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But I can't afford real food!

I know of people who legitimately have an argument.  They don't have cell phones, they don't watch TV, they have one car (or don't have a car at all), they don't spend any money on video games, movies, CD's, or vacations.  But the people I know who live this kind of life typically eat better than everyone else.  They might not buy 100% organic, but they do their best to buy whole foods.
Real Food- Cheddar Onion Popovers

Even still, the typical arguments against eating a healthy, traditional whole foods diet are "I don't have enough money" and "I don't have enough time."

I'm here to, very frankly, (cover the kids ears real quick) say bullshit.

BTW, have you ever played that game?  We used to play it with our Grandma.  Except when we played with her we called it "I doubt it."

Er, I mean, I doubt it (sorry Grandma!).

Real Food- Liver and homemade goat cheese, with a side of bone stock.
I'm here to say if you can afford to buy food, you can afford to buy real food.

Think about it.  In the past month have you bought cereal, soda, chips (or any chip like substance...), crackers, granola bars, frozen pizza, frozen dinners, boxed dinners, pre-packaged sides, pre-packaged spice mixes, juice, candy bars, or anything else with an ingredient label?  And how much have you spent on entertainment- eating out, your cable/satellite bill, your cell phone, movies, trips, toys, music, concert?
Real Food- Grassfed hamburger, sliced lacto-fermented pickle, slice of cheddar, and a whole wheat bun.

Unless you haven't spent anything on any of the things I've listed above, don't tell me you can't afford to eat real food.  Just tell me you don't care, and that your cell phone and TV are more important than your health.  Let's at least speak with integrity.

Because eating real food may cost a little more (although I argue that you can SAVE money by eating real food if you plan and follow some simple strategies, but that's another post), but unless you really truly believe that feeding your kids processed chicken nuggets and drinking Coke every day is an acceptable way to live, or unless you just don't care one way or the other (and in either case I pity you), the extra cost should be a price you are willing to pay for your health and the health of your family.
Real Food- local strawberries with fresh whipped cream.

I get that change is hard.  I tried no fewer than four times to cut processed food out of our diet.  The cycle went something like this- I'd go on a crazy kick, donate all the hamburger helper and boxed Mac-n-cheese and Lipton Noodle Packets in my pantry to a food bank, make it a few weeks... then notice one of the aforementioned on sale, think about my lack of a meal plan for the coming week and all the things I had going on (work, appointments, school stuff, whatever), and grab a few boxes.  And once you fall off the wagon it's easier to stay off than get back on.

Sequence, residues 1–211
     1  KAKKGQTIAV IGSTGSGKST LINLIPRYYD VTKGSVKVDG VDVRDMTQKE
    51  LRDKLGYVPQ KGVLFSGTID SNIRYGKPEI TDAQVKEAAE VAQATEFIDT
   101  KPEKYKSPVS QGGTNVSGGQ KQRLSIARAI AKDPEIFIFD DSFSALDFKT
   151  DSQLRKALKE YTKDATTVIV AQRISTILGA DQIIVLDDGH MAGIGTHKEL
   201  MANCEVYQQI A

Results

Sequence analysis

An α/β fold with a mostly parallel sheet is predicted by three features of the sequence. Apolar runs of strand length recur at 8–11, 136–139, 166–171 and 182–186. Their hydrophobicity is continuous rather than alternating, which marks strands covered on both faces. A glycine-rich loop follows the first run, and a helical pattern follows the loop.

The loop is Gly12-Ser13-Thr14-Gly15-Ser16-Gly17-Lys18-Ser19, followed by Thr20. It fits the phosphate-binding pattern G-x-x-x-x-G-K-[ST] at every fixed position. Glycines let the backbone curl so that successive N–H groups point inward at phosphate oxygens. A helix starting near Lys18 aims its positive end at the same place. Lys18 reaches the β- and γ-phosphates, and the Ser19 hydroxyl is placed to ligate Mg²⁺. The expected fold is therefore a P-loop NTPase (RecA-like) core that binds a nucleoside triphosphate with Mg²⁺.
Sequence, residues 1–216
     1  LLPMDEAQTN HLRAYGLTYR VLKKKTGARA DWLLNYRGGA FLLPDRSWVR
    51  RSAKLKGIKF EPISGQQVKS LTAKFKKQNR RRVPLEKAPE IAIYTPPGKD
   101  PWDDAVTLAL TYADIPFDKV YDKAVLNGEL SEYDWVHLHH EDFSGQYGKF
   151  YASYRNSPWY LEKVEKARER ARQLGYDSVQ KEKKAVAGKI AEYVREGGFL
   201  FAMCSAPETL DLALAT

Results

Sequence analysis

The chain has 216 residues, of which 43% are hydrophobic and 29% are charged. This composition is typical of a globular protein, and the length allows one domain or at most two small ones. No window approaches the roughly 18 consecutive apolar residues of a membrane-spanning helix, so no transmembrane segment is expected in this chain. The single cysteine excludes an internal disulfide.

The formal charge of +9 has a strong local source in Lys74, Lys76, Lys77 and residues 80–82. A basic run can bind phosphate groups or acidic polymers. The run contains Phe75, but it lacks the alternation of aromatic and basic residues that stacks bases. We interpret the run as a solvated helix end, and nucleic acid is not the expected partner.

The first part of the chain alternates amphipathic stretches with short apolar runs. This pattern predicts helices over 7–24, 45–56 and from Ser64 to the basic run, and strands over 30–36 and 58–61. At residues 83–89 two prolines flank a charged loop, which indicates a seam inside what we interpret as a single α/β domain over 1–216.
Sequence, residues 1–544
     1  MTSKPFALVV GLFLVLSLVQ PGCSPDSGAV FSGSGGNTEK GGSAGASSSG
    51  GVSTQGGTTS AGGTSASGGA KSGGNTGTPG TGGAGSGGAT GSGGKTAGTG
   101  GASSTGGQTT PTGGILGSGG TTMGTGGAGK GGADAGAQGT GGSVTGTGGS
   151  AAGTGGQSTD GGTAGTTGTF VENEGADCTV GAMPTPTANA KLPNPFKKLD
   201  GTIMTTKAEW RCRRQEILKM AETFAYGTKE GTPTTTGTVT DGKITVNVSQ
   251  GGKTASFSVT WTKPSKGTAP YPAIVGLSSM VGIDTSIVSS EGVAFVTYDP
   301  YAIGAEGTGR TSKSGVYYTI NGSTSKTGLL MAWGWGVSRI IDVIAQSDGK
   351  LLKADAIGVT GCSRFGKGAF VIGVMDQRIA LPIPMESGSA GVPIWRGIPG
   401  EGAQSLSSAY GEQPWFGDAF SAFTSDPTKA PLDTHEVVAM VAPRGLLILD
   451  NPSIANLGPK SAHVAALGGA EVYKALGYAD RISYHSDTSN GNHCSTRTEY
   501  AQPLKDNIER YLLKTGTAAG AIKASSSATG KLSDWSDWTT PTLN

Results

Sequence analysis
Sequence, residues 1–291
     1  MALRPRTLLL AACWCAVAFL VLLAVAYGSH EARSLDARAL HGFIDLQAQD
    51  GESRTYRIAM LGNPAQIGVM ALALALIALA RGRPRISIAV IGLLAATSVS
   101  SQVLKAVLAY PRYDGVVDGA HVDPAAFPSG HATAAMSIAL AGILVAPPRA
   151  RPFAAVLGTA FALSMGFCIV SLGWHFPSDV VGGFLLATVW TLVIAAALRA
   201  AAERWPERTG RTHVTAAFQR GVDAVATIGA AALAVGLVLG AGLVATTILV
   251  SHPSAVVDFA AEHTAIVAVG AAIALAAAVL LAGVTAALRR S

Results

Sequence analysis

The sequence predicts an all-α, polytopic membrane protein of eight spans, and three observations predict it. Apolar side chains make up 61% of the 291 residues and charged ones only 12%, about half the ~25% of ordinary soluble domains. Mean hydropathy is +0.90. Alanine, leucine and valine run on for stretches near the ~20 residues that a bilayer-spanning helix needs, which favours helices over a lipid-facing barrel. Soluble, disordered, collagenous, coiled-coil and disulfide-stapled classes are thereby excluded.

But I finally did it- the key for me was to make one baby step at a time and master that before moving on, instead of trying to change overnight.  If you think baby steps might be best for you, too, pick a step and stick with it until you've gotten it down (and feel free to ask me for suggestions if you don't know what step to start with!).

However, if you're up for a challenge and think a little kick start might be good for you, try this for a month:  Don't buy anything with more than three ingredients (and I say three so that you can buy bacon, which in the best case should have three ingredients... but if the best bacon you can find/afford has a few more than three ingredients, I strongly encourage you to break this rule).  And you also have to remember that when I mean "all processed foods" I don't meal all of them, all the time.  We, and most real foodists, follow the 80/20 rule.  Do your best as often as you can, and you won't have to worry about the little compromises and transgressions.  There are certain things that never, with no exceptions, pass our lips (yes, dear cousin, otter pops are on that list).  But for many things we make exceptions.

"But I don't have time to cook everything from scratch."

Again, bullshit... er, I doubt it.

Did you know...

The average American male under 40 spends 20 hours a week playing video games?

The average adult watches 29-34 hours of TV a week?

Think about your own screen time- watching TV, on the computer, playing video games, on your tablet or smart phone.  And think about the time you spend outside the home (other than working).  How often do you run errands (for stuff you don't need), go out with friends, take your kids out for play dates, or go shopping?  Look me straight in the face and tell me this time is more well spent in these pursuits than in feeding your family good, wholesome food.

I dare you.
Real Food- Grain free chocolate cookies.